Brian Moreira’s review published on Letterboxd:
Tomorrowland is an utopia that allows the dreamers in our world to improve it by being free to be creative. Once rid of things regarded as distractions that got in the way, such as politics and burocracy, our greatest minds can live in a place that stimulates and encourages them to build a perfect society. The movie presents us how our world should be.
Or does it? Because for the most part of the movie the characters are busy escaping robots in many sequences while we as the audience have little to no information as to who their escaping from, what they're suppose to do and why they're the ones supposed to do it. Instead of learning about how this society functions and what they've done to make it work, we just follow around our heroes not doing much until the third act finally comes to bring some development.
It's unfortunate that a movie whose message is about creativity doesn't live up to the same promisse in its narrative. Our main character, Casey, is said throughtout the story to be special, while the two others believes that she's capable of fixing the world (George Clooney's Frank gets that conviction quite suddenly, I should say), and yet all that expectation is fulfilled in one, quite ridiculous, epiphany: Our hero decides to shut down a machine — And I know you don't even need context to see how that's a frustrating culmination. There was a time in Cinema that a chosen one would earn its title. He woulld stop bullets with his hand and destroy an enemy by diving inside him. Now the chosen one proves herself by having the most banal of ideas.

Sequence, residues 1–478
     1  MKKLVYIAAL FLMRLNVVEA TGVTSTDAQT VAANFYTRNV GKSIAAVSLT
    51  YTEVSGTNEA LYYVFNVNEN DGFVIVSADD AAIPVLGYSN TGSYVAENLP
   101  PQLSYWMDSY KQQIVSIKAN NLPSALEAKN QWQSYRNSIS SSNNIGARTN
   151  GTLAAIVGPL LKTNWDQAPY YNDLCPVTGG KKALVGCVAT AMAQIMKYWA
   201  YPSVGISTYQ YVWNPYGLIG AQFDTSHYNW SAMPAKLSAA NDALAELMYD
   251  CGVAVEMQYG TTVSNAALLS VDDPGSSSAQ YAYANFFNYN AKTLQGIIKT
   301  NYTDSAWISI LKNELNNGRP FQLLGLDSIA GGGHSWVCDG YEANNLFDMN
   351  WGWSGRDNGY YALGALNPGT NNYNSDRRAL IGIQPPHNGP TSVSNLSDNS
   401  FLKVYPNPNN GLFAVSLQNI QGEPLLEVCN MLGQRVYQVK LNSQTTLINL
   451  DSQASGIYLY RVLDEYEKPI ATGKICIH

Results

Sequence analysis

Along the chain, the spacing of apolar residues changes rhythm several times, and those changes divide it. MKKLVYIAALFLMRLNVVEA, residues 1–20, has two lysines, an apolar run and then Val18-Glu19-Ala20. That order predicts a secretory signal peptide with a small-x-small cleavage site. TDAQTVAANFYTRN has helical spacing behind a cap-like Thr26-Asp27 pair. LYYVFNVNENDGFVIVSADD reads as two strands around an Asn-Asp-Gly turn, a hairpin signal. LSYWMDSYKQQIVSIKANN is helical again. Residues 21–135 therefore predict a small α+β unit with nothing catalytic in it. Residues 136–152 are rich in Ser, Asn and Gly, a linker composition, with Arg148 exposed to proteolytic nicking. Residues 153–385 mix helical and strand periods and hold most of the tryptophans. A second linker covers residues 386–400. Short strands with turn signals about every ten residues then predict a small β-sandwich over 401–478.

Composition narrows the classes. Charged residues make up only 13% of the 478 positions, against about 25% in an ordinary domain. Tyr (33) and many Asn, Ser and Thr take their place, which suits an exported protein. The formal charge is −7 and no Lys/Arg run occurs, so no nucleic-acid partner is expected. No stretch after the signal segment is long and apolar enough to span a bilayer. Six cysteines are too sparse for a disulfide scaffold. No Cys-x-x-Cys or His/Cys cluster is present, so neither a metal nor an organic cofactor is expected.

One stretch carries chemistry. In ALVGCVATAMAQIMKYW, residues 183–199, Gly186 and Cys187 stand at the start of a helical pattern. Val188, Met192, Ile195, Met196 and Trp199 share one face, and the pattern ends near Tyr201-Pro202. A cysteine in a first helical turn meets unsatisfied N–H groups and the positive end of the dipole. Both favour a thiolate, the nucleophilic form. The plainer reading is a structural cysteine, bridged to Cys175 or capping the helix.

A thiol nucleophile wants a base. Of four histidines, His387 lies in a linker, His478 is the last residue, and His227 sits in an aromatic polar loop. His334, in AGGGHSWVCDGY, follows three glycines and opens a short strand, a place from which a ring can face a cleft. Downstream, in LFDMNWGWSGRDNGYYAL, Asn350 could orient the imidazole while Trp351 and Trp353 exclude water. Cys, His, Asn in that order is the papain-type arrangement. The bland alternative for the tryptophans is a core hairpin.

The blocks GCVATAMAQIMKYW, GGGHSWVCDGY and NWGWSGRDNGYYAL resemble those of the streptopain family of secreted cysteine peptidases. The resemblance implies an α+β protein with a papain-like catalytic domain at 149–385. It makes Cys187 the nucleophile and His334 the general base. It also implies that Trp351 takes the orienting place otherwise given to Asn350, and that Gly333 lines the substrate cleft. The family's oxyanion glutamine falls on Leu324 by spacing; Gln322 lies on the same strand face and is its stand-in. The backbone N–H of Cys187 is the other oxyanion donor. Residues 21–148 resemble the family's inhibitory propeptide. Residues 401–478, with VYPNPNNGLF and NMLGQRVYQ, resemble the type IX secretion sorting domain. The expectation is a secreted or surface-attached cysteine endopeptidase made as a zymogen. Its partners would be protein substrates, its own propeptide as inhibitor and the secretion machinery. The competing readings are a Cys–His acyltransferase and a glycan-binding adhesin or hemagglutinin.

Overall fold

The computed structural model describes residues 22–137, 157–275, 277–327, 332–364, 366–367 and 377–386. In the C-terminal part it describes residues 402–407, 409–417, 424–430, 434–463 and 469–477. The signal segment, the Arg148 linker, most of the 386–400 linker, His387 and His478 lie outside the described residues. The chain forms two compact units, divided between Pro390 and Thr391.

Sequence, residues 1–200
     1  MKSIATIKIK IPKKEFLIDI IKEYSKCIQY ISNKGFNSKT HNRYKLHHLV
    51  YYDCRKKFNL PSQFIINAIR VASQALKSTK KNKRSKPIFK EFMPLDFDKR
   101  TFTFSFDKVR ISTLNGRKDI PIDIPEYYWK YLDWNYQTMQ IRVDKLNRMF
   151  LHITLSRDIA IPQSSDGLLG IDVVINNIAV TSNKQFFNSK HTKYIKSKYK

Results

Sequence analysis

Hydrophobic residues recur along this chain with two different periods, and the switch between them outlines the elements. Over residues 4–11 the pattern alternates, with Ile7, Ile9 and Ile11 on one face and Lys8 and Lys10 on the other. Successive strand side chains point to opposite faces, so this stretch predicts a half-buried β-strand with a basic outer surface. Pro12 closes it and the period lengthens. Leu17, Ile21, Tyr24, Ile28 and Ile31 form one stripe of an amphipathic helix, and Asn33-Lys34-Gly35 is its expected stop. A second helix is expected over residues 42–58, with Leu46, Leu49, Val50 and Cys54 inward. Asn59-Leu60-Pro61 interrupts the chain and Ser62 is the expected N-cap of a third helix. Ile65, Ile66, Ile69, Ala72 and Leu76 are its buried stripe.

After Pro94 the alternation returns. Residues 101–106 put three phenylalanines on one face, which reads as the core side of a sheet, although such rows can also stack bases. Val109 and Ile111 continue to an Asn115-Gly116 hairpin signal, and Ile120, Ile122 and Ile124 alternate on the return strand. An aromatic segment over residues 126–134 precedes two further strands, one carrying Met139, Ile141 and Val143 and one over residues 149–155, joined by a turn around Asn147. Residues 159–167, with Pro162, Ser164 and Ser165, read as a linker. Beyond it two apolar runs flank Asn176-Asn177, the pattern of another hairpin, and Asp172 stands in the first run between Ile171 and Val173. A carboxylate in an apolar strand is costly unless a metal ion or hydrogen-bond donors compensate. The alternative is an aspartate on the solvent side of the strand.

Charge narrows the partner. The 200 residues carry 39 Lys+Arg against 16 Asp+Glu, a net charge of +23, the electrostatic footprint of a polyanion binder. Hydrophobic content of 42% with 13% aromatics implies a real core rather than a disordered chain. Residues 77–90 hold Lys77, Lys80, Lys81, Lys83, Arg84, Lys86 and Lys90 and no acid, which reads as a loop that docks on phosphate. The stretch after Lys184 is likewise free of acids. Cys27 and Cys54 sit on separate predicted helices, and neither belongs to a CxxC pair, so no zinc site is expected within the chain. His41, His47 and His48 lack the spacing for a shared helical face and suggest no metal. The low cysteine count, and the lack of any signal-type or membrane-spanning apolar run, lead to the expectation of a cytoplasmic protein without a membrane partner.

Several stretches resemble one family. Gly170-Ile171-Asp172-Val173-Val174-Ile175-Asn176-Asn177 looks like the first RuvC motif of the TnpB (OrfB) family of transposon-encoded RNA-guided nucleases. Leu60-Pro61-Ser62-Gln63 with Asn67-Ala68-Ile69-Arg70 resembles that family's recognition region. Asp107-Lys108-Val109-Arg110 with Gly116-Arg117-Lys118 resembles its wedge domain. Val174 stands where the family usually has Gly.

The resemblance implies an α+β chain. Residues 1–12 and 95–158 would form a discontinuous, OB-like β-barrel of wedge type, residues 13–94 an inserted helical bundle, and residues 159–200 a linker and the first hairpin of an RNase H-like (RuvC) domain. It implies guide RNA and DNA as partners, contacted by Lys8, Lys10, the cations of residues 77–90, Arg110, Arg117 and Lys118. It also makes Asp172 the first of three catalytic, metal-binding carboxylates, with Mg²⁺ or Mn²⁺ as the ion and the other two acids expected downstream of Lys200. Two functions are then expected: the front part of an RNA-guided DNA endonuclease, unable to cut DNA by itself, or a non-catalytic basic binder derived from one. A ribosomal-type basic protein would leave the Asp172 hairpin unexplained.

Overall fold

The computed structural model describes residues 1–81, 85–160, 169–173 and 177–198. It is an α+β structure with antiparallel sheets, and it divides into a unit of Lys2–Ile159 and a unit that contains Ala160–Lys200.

In the end, Tomorrowland has the heart in the right place. The message at the end is one of hope and inspires for a better future. Sadly, the movie itself doesn't strive to the same level as its story intents to.